Urban Narratives and Emotive Landscapes: The Architectural Artistry of Gelo

This critique examines the works of New York-based artist and architect Gelo, exploring how his architectural art transforms urban spaces into narratives of human emotion and memory. Through an in-depth analysis of selected works like ‘Living in LaGuardia,’ ‘Nolli Manhattan,’ ‘Red Sails in the Sunset,’ and ‘my oasis,’ we delve into how Gelo’s integration of architectural forms with light, shade, and cultural symbols articulates a profound connection between personal experiences and the built environment.

Gelo, a seasoned New York-based artist and architect, skillfully merges over two decades of architectural expertise with a profound narrative ability, transforming architectural forms into immersive stories of human experiences. This critique explores how Gelo’s selected works, including ‘Living in LaGuardia,’ ‘Nolli Manhattan,’ ‘Red Sails in the Sunset,’ and ‘my oasis,’ embody the emotional and cultural landscapes of urban environments, weaving together memory, place, and architecture.

Living in LaGuardia Gelo, 2023

‘Living in LaGuardia’ vividly captures the dynamic essence of LaGuardia Airport, intertwining the immediate environment with the broader urban context. Aldo Rossi, an Italian architect and theorist pivotal to the architectural movement known as Neo-Rationalism, championed the idea that cities serve as the collective memory of their people, preserved and reflected through architecture. Gelo’s portrayal of LaGuardia resonates with Rossi’s belief, encapsulating both the bustling activity of the airport and the quieter, introspective moments of travelers—making visible the layers of public and private memories. ‘Nolli Manhattan’ extends this exploration into urban memory through its intricate mapping of Midtown Manhattan, where the selective coloring and texturing of areas highlight personal and collective memories associated with these spaces. Kevin Lynch, an influential urban planner known for his work on the imageability of cities, argued that urban environments are comprehended through distinct visual forms. Gelo’s artistic rendering of Manhattan through a Nolli map-like approach invites viewers to navigate and experience Midtown as a deeply imageable, memorable space.

Studies for the San Cataldo cemetery Aldo Rossi, 1975
Nolli Manhattan Gelo, 2023

In ‘Red Sails in the Sunset,’ Gelo uses the motif of red sails to symbolize the commencement of new beginnings and prosperous journeys, inspired by the Russian tradition of the Scarlet Sails celebration. The piece draws on architectural symbolism to convey a narrative of hope and aspiration. Christian Norberg-Schulz, a Norwegian architect and theorist known for his work on phenomenology in architecture, developed the concept of genius loci, or the ‘spirit of place,’ which posits that each place has its own unique character and identity that profoundly affects the human experience. By incorporating the vivid symbolism of the red sails into the architectural form, Gelo evokes this spirit, suggesting a strong sense of place and cultural narrative that enriches the viewer’s understanding of the architectural structure as more than just physical form.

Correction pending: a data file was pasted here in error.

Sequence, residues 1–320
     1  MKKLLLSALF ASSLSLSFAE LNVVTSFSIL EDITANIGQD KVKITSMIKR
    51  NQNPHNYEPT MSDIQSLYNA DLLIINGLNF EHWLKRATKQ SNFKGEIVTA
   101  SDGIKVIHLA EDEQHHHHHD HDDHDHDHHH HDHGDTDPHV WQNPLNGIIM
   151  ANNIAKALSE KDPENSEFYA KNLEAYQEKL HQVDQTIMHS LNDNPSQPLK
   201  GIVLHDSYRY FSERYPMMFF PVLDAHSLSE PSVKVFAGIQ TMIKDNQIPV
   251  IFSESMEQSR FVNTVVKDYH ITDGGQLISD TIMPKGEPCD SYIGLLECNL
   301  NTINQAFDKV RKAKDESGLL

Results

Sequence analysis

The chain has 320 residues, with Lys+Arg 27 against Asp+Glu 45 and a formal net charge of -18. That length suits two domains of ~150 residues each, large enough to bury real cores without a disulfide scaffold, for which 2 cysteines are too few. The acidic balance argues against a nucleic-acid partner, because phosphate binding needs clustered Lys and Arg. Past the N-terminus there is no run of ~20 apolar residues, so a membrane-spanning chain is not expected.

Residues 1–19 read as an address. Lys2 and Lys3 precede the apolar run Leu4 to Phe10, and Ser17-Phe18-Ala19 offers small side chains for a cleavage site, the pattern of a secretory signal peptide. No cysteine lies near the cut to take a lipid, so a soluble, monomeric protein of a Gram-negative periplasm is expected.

Genius Loci (book cover) Christian Norberg-Schulz, 1981
Red Sails in the Sunset Gelo, 2022

‘my oasis’ is a homage to the ancient city of Shibam in Yemen, often referred to as the ‘Manhattan of the Desert’ for its iconic high-rise mud-brick buildings. Through this artwork, Gelo not only draws attention to the architectural and historical significance of Shibam but also underscores the role of art in preserving cultural identity. This approach to cultural preservation through architectural forms aligns closely with the ideas of Jan Assmann, a German Egyptologist known for his theories on cultural memory, which emphasize how objects and writings from the past can bridge generations, preserving shared history and identity. In ‘my oasis,’ Gelo uses architectural representation as a tool for cultural remembrance, inviting reflection on the preservation of world heritage sites and their meanings within contemporary contexts.

my oasis Gelo, 2022
Cultural Memory and Early Civilization: Writing, Remembrance, and Political Imagination (book cover) Jan Assmann, 2011

The manipulation of light and shadow plays a crucial role in ‘Living in LaGuardia’ and ‘Nolli Manhattan,’ where Gelo captures moments of depth and emotion within architectural spaces. Louis Kahn, an American architect whose philosophy placed great emphasis on the functionality and aesthetic of light, believed that light could materially and spiritually transform a space. Kahn’s ideas resonate with Gelo’s use of light and shade, which not only define the physical contours of buildings but also enhance the emotional and narrative dimensions of the spaces depicted. Through this technique, Gelo invites viewers to perceive architecture not just as structural entities but as emotive environments, filled with stories waiting to be told.

National Assembly Building in Dhaka, Bangladesh Louis Kahn, 1962-83

Gelo’s works stand at the intersection of architecture and narrative art, presenting urban spaces not merely as physical entities but as repositories of human emotion and history. His adept use of architectural knowledge, coupled with a deep sensitivity to the stories embedded within urban forms, allows his art to engage with and enrich the contemporary discourse on urban experience and architectural representation. By weaving together theoretical perspectives from architects and theorists like Rossi, Norberg-Schulz, and Kahn, this critique underscores Gelo’s innovative contributions to understanding the complex relationship between people, their memories, and the spaces they inhabit.

the Silent Memory Gelo, 2022
Author: Casey Coyle